48 Glossary Terms cue: A suggested course of action. Outside groups and individuals often suggest that compliance will be accompanied by rewards and opposition by sanctions. direction: The position toward which the influence hopes to move the target. In this module we represent the direction by the way in which the vector arrow points. We are also assuming that all vectors are clearly pointing either toward support or opposition. In the real world, influence are often not that clear. magnitude: - The strength of the influence. In this module, this is represented by the length of the vector pair: - Canceling out the vote of another Member by mutual agreement. Live pairs happen when both Members are on the floor but do not vote. Dead pairs allow absent Members to claim their absence if not later since they were there a colleague would have attended also and canceled their vote. target: - In this module were are using target to imply the subject of an influence. It is the thing that might be changed by applying to force of a vector. vector: - The representation of a force applied to an object. PAC: - Political Action Committee. Group that represents a point of view and parcels out campaign money to lawmakers or candidates sharing that point of view.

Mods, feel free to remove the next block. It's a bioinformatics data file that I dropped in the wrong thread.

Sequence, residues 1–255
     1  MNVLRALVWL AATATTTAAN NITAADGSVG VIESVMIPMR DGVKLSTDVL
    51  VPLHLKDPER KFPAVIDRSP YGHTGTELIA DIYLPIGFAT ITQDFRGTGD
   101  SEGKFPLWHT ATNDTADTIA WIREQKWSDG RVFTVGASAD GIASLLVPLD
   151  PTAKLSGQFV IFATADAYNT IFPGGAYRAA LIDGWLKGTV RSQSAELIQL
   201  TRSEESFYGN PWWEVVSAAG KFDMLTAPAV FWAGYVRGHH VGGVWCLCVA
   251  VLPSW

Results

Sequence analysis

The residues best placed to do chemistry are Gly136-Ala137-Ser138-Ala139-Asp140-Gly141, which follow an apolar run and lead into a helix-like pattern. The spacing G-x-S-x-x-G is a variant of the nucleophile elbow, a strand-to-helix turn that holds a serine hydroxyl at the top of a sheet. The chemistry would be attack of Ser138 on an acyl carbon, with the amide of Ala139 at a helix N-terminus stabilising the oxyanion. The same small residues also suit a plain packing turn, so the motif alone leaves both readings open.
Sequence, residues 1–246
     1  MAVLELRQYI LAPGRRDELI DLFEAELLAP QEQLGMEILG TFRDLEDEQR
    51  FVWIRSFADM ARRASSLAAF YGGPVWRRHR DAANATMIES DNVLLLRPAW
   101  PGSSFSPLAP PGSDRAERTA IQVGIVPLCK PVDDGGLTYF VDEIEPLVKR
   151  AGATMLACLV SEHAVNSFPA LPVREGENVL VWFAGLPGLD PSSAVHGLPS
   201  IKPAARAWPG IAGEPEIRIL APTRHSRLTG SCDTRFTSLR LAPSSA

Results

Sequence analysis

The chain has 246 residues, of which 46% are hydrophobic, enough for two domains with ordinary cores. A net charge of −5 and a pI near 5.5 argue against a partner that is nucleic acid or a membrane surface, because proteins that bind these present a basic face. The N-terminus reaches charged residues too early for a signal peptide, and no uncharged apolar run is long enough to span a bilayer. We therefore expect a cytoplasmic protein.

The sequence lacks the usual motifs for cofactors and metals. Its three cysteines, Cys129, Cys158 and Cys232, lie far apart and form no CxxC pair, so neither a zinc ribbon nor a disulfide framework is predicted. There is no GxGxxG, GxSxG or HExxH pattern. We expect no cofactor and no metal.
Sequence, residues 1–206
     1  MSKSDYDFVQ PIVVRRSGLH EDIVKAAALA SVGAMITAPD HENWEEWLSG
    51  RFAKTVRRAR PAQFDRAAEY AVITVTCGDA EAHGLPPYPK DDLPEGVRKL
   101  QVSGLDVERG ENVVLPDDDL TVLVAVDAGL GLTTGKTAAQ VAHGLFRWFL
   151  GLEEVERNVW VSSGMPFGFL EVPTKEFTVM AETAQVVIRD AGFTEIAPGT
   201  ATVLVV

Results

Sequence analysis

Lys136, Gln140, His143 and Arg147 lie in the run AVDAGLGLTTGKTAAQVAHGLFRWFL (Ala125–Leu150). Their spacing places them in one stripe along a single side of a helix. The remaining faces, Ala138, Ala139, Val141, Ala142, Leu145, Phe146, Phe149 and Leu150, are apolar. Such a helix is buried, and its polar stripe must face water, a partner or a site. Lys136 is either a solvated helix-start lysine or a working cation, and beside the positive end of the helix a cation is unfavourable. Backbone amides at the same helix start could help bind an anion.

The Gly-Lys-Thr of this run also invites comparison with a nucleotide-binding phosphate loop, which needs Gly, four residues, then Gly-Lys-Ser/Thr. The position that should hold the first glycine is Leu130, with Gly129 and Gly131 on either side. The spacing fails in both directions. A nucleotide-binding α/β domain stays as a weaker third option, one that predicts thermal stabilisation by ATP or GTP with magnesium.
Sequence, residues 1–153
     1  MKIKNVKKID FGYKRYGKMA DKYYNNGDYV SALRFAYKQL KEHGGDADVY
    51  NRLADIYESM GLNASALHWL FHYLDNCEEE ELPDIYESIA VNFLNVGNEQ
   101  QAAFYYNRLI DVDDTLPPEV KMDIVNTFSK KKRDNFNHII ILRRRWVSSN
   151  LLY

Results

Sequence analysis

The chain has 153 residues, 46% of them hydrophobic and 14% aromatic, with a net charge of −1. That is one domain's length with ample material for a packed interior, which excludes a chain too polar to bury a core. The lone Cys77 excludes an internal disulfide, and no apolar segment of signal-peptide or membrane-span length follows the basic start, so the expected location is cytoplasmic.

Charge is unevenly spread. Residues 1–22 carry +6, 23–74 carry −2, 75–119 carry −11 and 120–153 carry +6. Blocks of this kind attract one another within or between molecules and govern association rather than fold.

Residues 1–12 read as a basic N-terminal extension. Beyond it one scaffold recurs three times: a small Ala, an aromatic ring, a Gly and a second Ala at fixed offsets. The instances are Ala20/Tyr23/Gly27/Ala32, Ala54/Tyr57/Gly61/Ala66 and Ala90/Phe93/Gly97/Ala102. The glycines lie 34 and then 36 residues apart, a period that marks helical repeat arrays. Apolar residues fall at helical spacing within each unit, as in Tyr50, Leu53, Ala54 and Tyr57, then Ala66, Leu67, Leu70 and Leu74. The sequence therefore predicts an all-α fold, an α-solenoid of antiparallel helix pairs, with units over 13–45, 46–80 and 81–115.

49 Advance to PresentationReturn to Previous Slide

50 Which influences do you think will be most important in his decision? [choose two] The president His constituency The National Rifle Association (NRA) His personal preference The Brady Campaign to Prevent Gun Violence

51 Click Try Again. You seem to have missed something. The President Try AgainCorrect Answer Did you make two selections? If not, return to make a second choice.

52 Junior and political insecure Members are very attuned to their constituencies, especially their base of supporters. Given the dramatic impact on his life and his public commitment to gun control, personal preference is likely to play a pretty big role in his decision. Constituency Try AgainAdvance to Presentation Correct! Did you make two selections? If not, return to make a second choice.

53 Click Try Again. You seem to have missed something. National Rifle Association Try AgainCorrect Answer Did you make two selections? If not, return to make a second choice.

54 Junior and political insecure Members are very attuned to their constituencies, especially their base of supporters. Given the dramatic impact on his life and his public commitment to gun control, personal preferences is likely to play a pretty big role in his decision. Personal Preference Try AgainAdvance to Presentation Correct! Did you make two selections? If not, return to make a second choice.

55 Click Try Again. You seem to have missed something. The Brady Campaign to Prevent Gun Violence Try AgainCorrect Answer Did you make two selections? If not, return to make a second choice.

56 Junior and politically insecure Members are very attuned to their constituencies, especially their base of supporters. Given the dramatic impact on his life and his public commitment to gun control, personal preference is likely to play a pretty big role in his decision. The Correct Choices: Constituency and Personal Preference